Quadrennial Springtime, and some citizens are sounding like they’ll run for Mayor or Councillor. At least some are thinking, hopefully many will offer their skills and intelligence. I think we’ve got more people involved in opposition than I can remember. but the burning question is how many will run and on what platforms?
In Hudson’s last municipal election, at their request, I met with and spoke impartially to both mayoral candidates. I was very pleased that we had two actual thinking candidates with real world experience running for mayor and contested races in all sectors for the first time since I can remember. I don’t charge for advice and always warn that anything they learn will be worth exactly what they paid for it.
It’s not rocket science, the major concerns of Hudson are really obvious and both candidates had similar questions. But each candidate had a different approach. Mayor Prevost chose, for reasons he felt comfortable with, to run without a cohort of potential Councillors while the other candidate ran a complete slate covering all electoral districts.
When you have only six Councillors to be elected, a potential mayor without a slate will have to make do with what’s chosen for them, while a potential mayor with a slate will usually not run the table and will have to do what’s chosen for them. The difference might be that the potential mayor with a slate will have more minds engaged to formulate a platform and might therefore be able to cohesively gel into group action more quickly. I don’t think that’s been a problem for Mayor Prevost, with one obvious exception, he’s had the visible support of all elected throughout his term.
Both candidates last election developed comprehensive platforms for a wide range of Hudson issues, and both were equally in the dark about the reality they might find on the other side of the polls. My sincere feeling is that neither could have expected or planned for the depth of the challenges they’d face. Thankfully, both were just oblivious enough to what they were undertaking that by running they gifted us with an actual election and public discussion of issues.
We’ve been blessed to have some gumption and resolve in spite of poor health, loud negative noise and many other issues that might have caused lesser souls to bail out with justification. I feel that we, as a town’s people’ have contributed to and watched the negative toll on Ed Prevost’s health. When one is ill, one hopes for peace that he didn’t have, and I’m proud that Mayor Prevost has never allowed himself the use of his health as an excuse but has stayed calm and soldiered on. He and his wife and family are owed our sincere thanks for diligence and selflessness under trying conditions.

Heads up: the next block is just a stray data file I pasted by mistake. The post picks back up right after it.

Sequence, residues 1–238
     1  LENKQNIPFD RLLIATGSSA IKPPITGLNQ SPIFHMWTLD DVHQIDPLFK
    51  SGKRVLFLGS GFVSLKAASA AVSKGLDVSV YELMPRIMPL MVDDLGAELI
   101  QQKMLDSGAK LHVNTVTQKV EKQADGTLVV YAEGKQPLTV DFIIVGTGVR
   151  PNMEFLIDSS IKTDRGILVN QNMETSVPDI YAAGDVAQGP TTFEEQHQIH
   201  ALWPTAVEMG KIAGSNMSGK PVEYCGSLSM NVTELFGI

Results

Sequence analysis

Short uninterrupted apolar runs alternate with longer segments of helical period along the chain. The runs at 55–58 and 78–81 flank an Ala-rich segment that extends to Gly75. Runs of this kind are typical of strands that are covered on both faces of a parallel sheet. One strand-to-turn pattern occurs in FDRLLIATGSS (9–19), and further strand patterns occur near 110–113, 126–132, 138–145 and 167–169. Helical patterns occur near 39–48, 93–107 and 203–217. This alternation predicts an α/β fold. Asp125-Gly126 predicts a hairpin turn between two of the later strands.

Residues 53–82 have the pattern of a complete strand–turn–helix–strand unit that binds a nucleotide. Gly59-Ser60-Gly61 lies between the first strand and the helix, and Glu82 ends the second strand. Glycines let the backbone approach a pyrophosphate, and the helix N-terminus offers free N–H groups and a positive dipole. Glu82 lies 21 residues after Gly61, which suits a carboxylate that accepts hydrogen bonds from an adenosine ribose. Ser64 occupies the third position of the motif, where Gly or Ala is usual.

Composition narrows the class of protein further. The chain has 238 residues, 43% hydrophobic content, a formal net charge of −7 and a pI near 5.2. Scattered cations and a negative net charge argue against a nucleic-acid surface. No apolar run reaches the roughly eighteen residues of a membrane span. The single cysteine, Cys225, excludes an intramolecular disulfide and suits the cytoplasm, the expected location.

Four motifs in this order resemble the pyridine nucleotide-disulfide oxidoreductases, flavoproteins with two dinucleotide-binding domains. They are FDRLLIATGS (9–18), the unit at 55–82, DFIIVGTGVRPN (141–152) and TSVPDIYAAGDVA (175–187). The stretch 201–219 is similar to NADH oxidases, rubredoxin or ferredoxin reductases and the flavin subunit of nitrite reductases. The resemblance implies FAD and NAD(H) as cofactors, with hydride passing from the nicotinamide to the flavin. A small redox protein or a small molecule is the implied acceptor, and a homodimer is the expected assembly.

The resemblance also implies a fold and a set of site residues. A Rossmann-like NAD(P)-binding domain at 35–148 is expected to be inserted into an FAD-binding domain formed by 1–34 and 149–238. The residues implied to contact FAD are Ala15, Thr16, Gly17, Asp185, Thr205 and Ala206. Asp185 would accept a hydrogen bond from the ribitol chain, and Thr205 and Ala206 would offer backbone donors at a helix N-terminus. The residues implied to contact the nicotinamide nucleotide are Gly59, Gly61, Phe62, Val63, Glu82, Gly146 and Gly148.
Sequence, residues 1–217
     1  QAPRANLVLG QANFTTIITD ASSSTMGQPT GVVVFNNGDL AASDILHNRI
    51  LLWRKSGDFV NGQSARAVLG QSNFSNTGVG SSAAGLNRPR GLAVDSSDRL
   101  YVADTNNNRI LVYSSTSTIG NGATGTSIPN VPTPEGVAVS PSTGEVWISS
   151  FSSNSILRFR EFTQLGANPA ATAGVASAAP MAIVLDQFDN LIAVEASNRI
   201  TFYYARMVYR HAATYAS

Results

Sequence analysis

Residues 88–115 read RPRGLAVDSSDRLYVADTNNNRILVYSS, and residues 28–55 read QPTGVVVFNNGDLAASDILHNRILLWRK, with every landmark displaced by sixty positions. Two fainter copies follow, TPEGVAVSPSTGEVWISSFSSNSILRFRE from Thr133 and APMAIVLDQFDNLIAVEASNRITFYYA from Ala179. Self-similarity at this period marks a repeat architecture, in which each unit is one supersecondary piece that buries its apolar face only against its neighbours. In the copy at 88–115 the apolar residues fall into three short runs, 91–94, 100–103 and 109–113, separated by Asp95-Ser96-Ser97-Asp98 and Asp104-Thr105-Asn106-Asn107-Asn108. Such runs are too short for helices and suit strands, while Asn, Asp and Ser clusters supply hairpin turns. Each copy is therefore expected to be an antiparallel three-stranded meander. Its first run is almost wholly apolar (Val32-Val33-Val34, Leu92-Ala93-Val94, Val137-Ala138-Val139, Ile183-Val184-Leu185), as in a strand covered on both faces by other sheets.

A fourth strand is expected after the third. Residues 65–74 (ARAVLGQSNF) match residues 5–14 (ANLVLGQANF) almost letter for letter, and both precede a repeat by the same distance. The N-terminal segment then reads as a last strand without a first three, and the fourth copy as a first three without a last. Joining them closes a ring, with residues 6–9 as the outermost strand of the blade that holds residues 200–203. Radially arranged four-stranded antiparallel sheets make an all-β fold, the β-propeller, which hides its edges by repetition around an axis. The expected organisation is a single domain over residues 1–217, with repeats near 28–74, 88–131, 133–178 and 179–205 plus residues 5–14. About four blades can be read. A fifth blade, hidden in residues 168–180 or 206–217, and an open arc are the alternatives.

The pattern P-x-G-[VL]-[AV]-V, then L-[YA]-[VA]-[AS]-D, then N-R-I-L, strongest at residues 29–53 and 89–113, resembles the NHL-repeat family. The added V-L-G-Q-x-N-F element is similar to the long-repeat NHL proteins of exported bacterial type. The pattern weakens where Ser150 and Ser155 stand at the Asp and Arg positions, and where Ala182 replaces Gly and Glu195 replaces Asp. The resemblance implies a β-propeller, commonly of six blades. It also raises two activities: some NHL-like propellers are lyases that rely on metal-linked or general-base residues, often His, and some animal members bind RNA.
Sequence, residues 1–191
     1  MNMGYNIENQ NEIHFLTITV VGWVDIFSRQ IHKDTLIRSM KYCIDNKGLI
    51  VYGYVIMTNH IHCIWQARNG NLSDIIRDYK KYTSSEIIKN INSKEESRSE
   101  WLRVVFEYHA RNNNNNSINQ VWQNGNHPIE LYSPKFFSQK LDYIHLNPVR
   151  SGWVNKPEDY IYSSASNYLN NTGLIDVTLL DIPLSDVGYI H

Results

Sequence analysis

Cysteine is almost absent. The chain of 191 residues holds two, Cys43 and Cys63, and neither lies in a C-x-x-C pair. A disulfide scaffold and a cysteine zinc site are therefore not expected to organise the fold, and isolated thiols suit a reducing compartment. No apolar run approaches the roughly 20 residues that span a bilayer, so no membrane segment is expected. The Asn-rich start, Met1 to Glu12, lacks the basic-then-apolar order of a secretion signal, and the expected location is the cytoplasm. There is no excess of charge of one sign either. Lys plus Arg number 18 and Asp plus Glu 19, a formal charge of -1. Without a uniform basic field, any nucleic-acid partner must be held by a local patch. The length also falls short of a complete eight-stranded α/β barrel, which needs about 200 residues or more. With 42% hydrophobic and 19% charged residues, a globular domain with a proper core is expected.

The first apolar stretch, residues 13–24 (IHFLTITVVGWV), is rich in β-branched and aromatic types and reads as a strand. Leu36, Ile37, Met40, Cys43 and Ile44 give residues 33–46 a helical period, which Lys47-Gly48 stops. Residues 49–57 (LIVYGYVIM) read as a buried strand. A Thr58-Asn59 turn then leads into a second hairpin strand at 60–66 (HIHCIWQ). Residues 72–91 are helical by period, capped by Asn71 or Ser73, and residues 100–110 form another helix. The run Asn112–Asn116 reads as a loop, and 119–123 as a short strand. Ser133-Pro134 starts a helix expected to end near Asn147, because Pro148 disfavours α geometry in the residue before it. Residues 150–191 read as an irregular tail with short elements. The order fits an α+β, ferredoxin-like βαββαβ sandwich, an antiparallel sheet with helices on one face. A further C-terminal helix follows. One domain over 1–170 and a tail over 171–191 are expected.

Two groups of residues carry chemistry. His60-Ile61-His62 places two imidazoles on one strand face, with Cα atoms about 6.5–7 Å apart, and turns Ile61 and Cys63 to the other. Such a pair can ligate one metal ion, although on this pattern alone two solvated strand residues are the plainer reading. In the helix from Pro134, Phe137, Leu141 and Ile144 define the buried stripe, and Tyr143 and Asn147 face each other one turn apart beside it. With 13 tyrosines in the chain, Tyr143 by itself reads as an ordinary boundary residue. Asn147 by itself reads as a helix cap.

As we look towards the November 2017 we, as a public, should have a much better idea of what was wrong and has been fixed, what remains wrong, and what has been done wrong in this term. That’s not criticism, it’s the reality that no government is perfect. In the essence of any democracy, massive success is a very low passing grade of 50% of those who choose to speak, of those even willing to express an opinion. So, if only 49% of a populace want to tar and feather you, you’re exceptional.
There’s no time like the present to ask questions of potential candidates, but at the least we should be seriously planning the questions we wish to ask of candidates who may run. If we prepare by understandings how we intend to judge a good candidate from a less good candidate maybe we’ll make fewer mistakes and get better people.
Feel free to list them as comments on this blog, any candidate who doesn’t read this and other blogs won’t help much. What are your major concerns, what can you live with, what can’t you live without, what do you see as Hudson’s future? Are your platform and concerns balanced against the possible withing municipal law and the good of all citizens?
If you don’t think Hudson needs change and like it just the way it is, frankly go stick your head back in the sand, because without significant changes we’re all going to be getting our asses kicked badly for a long time to come.
One person can’t change Hudson. Six Councillors and a Mayor can’t change Hudson. The primary responsibility of democracy shares the burden of change with all electors equally. To be successful that demands interest and involvement that generates knowledge among the majority so that they may understand the sacrifices and benefits of any proposal on a community wide basis.
Let’s prepare and welcome the discussion with measured caution and serious questions that stop us staring at the past assigning blame and start us looking towards a brighter and happy future for all in Hudson.